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Tokyo University researchers test masks’ effectiveness using actual coronavirus

  • October 22, 2020
  • , NTV
  • JMH Summary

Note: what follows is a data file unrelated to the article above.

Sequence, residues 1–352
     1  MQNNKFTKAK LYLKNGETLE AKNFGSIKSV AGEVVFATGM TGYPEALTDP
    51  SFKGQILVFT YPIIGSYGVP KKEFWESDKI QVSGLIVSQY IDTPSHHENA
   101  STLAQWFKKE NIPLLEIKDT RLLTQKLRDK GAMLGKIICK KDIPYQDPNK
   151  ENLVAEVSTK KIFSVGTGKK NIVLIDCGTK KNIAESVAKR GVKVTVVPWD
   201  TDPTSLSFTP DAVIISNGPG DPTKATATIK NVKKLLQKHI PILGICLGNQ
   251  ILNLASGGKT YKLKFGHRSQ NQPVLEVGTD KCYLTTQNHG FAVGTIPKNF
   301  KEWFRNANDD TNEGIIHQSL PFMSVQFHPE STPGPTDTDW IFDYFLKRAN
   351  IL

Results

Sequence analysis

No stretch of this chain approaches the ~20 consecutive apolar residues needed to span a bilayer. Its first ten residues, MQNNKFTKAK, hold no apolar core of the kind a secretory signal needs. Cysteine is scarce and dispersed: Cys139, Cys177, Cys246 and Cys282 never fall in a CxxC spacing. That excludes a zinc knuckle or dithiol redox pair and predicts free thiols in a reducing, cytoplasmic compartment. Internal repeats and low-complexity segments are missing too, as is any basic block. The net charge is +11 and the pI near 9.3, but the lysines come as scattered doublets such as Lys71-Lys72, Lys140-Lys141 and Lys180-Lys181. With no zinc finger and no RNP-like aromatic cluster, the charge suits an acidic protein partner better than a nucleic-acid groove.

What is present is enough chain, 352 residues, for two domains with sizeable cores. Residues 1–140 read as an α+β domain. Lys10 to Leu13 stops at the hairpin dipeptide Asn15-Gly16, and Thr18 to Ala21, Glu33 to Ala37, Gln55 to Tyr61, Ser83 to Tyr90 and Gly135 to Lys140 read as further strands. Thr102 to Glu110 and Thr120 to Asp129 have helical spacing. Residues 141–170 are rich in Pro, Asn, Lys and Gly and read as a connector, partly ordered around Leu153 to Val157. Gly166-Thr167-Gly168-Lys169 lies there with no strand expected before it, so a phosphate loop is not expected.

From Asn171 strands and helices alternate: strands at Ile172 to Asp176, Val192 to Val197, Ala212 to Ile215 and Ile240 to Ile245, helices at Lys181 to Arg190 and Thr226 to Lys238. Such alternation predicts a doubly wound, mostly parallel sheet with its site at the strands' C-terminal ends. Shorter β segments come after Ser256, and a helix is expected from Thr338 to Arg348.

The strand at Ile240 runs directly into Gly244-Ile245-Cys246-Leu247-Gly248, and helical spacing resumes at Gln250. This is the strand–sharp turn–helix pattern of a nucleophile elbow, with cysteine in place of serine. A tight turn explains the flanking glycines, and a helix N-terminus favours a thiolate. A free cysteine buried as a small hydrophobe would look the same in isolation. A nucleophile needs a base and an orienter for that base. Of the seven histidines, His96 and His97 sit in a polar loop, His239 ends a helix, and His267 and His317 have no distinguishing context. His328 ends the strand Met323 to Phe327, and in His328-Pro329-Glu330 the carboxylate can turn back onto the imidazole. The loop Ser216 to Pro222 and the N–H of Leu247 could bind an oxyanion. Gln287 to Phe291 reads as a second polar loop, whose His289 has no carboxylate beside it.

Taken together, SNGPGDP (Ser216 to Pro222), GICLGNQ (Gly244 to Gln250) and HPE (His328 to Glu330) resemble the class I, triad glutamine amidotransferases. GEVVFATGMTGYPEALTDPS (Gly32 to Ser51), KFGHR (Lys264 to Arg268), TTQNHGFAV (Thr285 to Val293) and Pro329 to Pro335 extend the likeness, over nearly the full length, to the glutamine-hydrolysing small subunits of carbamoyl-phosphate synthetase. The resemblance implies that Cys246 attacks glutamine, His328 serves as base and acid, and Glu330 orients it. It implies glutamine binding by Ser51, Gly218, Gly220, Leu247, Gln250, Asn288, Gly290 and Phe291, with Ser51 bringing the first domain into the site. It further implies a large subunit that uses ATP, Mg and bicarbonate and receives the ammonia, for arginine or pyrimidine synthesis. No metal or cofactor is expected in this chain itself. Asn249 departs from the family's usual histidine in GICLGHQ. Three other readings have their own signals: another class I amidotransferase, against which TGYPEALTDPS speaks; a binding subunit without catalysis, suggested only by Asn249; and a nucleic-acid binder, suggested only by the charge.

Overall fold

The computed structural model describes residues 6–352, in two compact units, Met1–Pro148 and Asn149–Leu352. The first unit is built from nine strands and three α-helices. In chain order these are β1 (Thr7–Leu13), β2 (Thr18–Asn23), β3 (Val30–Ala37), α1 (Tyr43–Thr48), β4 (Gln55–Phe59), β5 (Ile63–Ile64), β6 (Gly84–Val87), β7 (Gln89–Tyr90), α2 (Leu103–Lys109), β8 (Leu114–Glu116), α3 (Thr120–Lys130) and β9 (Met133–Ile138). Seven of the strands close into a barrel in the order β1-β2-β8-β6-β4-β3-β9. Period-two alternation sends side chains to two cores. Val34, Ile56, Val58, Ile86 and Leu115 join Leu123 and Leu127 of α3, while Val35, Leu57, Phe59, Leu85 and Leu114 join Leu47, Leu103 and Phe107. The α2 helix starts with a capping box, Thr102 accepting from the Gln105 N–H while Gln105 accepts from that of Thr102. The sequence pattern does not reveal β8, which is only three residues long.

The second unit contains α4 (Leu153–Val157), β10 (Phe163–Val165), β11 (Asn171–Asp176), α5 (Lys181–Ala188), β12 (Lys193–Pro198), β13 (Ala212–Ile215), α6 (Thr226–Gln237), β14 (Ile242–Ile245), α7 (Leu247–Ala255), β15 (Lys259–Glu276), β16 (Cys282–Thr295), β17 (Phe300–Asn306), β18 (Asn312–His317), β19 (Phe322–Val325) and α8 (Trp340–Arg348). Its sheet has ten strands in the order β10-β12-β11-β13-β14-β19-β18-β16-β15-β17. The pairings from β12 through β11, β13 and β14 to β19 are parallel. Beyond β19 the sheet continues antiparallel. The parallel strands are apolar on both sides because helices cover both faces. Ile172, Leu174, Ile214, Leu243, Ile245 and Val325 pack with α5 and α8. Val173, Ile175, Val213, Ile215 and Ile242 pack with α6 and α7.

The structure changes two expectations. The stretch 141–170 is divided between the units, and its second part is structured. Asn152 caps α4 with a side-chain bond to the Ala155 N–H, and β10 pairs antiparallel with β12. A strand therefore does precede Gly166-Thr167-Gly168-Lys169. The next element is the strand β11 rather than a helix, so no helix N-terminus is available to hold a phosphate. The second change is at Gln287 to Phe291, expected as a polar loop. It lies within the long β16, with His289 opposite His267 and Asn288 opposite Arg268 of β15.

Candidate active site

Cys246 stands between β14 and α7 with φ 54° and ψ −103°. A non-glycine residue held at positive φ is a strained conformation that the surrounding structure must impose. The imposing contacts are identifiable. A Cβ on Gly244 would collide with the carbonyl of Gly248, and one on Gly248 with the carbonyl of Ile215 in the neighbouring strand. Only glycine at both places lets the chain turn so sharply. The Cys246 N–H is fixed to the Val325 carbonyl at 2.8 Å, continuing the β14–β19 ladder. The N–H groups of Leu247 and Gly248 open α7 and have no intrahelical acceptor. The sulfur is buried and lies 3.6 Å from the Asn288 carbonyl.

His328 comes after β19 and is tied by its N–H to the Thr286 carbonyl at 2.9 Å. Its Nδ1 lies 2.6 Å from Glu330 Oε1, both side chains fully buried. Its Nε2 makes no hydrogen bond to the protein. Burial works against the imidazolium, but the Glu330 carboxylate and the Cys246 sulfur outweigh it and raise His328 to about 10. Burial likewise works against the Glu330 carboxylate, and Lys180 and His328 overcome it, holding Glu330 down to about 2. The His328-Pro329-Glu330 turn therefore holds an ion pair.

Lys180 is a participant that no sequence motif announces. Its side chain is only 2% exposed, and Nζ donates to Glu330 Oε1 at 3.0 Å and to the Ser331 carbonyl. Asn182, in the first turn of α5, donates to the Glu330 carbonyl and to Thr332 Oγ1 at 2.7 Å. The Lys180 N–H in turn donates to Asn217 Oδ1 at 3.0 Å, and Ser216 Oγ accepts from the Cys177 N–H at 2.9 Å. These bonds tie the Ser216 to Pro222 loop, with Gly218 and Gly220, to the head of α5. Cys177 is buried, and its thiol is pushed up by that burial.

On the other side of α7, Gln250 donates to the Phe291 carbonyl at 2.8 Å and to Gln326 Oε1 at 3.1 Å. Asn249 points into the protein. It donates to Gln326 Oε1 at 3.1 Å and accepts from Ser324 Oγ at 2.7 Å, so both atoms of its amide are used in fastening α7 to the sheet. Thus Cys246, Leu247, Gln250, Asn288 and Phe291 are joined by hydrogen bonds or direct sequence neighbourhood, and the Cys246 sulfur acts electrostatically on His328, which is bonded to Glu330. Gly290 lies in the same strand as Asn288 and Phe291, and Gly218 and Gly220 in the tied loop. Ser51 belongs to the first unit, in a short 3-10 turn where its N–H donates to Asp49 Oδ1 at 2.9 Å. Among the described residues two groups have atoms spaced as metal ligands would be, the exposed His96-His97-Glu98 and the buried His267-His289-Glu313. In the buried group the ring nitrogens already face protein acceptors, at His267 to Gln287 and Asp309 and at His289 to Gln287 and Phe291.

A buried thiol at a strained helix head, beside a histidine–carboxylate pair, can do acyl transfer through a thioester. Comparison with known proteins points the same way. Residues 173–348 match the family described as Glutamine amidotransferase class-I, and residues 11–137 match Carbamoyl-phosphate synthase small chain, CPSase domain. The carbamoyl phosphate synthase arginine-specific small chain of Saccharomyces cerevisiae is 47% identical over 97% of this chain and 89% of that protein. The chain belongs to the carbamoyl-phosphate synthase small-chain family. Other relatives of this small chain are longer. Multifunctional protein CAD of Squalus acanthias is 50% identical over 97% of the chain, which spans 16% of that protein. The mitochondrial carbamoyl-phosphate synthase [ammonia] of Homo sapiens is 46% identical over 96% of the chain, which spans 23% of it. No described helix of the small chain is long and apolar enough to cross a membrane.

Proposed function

NTV reported at noon that a group of professors and researchers at the Institute of Medical Science, the University of Tokyo, announced the results of their experiment using the actual coronavirus, which found that face masks are effective in reducing the spread and intake of the virus. The network said this was the first time in the world for the effectiveness of face masks to be tested using the actual coronavirus. NHK carried a similar story this morning, saying that the group placed two mannequins face-to-face in a laboratoryćƒ¼one designed to discharge airborne droplets containing the coronavirus, and the other designed to take in air, imitating human breathing. According to the network, when they put a face mask on the mannequin that took in air, the amount of virus it absorbed was cut by 17% with a cloth mask, 47% with an ordinary surgical mask, and 79% with an N95 medical mask. In addition, when a mask was put on the virus-spreading mannequin, both cloth and surgical masks reduced the other, non-mask-wearing mannequin’s intake of viruses by more than 70%. Professor Kawaoka, who led the group, reportedly said that there previously had been no research demonstrating masks’ effectiveness using real viruses and that it is important that masks are worn properly, adding, however, that it is also important to understand that masks cannot block viruses completely.

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